Habits and How It Changed Me

HERE ARE SOME THINGS I’m working on to improve my life.

GrandCanyon-yoga“What you do everyday matters more than what you do every once in a while.”- Gretchen Rubin

San Francisco’s Alexander Bookstore, I saw Charles Duhigg’s book, “The Power Of Habits.” It’s a yellow, hard bound book that discussed why habits exist and how we can change them. According to Duhigg, successful people and organizations simply ingrained good mental and physical habits unto their systems. This is the beginning of my fascination with the subject.

Human beings have finite energy and attention everyday. This is why President Barack Obama only wears blue and black suits; why Haruki Murakami, one of the most prolific modern writers, wakes up, eats and writes at the same time; why the military and medical field have SOP’s; why Tiger Woods instantly goes on a intuitive mode on clutch putts. Habits eliminate choice – so you go on default. This way you don’t waste any little of willpower you have.

When I was training international-levels of golf, I practiced with full intent and purpose for six to eight hours a day. I did this – every single day – for ten years until I was offered a US scholarship. Even though I wasn’t aware, I was already cultivating habits that propelled me to a good life.

From reading, I learned that humans are creatures of habit and the brain is a “pleasure-seeker” (hello, behavioral finance). Therefore, applying good habits could make me a better person. Not only for golf when I needed it, but to other areas of my life too. But be careful: It’s easy to get into something but hard to get out of it. Sneaking a bag of potato chips everyday or trying cigarettes for the first time could easily spiral downwards…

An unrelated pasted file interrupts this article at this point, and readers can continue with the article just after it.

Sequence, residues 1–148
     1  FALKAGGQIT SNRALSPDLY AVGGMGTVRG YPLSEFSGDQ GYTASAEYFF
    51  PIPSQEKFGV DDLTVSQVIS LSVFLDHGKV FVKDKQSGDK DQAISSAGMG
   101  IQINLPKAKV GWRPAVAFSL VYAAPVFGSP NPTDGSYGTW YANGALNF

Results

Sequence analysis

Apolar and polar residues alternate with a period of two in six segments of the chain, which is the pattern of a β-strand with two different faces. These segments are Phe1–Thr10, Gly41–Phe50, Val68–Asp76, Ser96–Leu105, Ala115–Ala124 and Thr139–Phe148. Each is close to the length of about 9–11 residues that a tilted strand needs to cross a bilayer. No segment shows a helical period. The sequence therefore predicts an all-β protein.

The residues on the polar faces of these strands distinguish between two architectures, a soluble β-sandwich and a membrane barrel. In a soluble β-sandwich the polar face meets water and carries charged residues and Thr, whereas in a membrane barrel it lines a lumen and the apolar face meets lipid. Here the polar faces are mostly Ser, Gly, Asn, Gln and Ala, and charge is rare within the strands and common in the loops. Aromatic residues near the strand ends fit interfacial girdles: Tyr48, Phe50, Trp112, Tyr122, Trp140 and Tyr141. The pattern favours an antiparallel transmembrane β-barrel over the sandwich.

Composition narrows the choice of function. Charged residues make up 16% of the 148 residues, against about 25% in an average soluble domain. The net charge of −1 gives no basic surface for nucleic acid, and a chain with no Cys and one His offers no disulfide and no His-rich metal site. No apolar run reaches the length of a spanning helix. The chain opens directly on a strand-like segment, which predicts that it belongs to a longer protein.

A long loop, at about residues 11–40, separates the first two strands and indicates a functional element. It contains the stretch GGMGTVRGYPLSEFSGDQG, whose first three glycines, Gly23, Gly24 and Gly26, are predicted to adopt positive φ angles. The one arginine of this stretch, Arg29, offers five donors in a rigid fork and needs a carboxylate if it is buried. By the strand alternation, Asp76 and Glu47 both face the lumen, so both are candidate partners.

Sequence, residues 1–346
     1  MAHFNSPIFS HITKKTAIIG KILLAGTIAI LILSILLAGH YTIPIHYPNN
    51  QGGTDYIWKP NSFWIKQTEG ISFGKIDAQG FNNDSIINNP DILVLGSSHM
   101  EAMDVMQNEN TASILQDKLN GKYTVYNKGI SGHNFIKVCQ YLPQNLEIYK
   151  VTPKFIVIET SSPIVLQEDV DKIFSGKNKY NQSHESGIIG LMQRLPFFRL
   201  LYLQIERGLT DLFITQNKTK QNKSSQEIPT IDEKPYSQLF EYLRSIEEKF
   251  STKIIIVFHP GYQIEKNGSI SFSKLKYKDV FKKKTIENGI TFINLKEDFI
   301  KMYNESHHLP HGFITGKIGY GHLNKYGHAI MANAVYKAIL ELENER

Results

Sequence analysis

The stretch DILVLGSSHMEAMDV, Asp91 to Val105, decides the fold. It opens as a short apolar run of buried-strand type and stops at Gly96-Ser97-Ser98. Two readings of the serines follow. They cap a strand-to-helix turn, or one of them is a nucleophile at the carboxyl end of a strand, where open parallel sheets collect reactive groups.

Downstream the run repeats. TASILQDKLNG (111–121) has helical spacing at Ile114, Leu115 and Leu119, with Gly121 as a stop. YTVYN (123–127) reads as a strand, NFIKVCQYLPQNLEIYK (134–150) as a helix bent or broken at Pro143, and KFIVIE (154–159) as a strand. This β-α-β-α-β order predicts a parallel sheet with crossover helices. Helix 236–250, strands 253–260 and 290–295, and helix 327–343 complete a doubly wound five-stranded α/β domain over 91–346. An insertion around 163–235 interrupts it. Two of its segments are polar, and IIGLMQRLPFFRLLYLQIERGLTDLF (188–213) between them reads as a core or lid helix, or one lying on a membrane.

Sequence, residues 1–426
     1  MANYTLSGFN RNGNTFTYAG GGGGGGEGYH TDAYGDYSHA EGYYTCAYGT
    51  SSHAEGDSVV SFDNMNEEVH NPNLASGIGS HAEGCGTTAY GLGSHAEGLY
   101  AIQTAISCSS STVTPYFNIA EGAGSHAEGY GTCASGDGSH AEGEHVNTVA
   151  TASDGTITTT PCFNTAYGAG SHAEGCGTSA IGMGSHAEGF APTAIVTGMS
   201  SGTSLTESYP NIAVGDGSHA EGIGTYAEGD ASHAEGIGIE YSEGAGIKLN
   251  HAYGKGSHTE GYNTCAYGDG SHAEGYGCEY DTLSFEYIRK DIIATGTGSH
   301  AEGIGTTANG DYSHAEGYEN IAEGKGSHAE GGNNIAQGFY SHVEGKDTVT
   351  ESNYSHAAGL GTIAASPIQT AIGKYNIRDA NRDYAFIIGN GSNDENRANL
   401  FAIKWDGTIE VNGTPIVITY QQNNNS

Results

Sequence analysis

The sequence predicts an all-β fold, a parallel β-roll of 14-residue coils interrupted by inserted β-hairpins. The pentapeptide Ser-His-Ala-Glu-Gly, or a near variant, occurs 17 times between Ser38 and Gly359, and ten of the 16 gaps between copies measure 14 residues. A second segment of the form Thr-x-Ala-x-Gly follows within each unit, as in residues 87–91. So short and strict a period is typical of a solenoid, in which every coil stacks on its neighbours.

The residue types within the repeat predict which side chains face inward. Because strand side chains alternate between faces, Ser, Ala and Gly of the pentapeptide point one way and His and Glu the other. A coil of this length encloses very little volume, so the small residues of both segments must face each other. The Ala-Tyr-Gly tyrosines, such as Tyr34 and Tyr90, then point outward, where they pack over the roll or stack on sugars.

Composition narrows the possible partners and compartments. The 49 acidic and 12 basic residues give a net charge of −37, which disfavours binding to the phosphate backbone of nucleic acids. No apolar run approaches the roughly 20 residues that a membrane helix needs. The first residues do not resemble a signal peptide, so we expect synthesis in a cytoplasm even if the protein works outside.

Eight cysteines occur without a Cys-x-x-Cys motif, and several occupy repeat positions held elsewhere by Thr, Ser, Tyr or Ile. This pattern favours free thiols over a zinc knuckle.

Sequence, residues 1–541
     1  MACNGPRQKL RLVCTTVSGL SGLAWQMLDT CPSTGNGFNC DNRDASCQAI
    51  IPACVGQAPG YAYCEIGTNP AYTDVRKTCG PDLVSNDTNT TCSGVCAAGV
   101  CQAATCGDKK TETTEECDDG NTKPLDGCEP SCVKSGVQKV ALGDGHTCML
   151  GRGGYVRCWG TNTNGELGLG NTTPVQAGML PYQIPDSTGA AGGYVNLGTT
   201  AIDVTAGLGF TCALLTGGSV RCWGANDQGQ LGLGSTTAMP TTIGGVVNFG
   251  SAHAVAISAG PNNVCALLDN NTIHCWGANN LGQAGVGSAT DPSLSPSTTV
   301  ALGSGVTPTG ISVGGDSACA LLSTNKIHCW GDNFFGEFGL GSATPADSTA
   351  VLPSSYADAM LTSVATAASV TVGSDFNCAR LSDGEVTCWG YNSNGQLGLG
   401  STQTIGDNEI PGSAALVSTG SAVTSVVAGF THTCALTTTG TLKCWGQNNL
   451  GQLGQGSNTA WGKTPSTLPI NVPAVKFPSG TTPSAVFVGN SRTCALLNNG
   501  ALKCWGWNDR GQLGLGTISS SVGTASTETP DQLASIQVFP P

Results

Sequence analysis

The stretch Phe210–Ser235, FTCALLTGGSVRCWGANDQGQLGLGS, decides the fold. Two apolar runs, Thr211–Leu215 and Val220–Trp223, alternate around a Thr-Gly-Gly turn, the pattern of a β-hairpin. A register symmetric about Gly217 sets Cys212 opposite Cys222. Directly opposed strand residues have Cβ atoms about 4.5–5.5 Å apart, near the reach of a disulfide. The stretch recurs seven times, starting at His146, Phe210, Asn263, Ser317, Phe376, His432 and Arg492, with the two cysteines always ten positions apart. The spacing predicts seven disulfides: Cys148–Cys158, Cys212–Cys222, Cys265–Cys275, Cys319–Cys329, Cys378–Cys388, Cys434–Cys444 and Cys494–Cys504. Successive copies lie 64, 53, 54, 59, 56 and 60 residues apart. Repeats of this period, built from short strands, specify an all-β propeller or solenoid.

Anyway, these are some of the habits that I’ve learned for the nine months I’ve been living in San Diego:

1. Exercise As A Habit

Gym was easy as a student-athlete because it’s scheduled. But now that I’m out of school and working, I needed to make sure that exercise is a choice I don’t have to make. I just do it.

My routine varies: sprinting, walking, lifiting, G-Flex, hiking, yoga and HIIT’s. 

My motivation for working this hard is so I can be free and proud – to wear a bikini without being self-conscious, to eat decadent foods without guilt, and to fuel my mental and physical capacity so I can enrich my life. When my legs are strong, I can hike for five hours. When I’m oxygenated, I can read and write all day long. That’s why exercise is important — aside from looking great, it allows you to accomplish more.

2. Healthy Eating As The Norm

I got into food by studying Paleo. Even today, I still think dairy-free, gluten-free, wheat-free as the cleanest way of eating. But is it sustainable for the resources and culture of a Filipino? No.

Pulled Pork with sautéed veggies, guacamole and lettuce

Sweet (bananas+bacon+honey) and savory (poached egg+avocado+cilantro) homemade waffles

Now I prefer a low-carb diet. My meals are 90% home-cooked, fresh,whole foods. I make sure my plate is balanced with proteins and vegetables. For snacks, I have smoothies or nuts. Here’s a secret with healthy eating: once that becomes a habit, your palate changes. You stop craving for salt and sweet. You respect ingredients (cooks know this) and think of food as nourishment.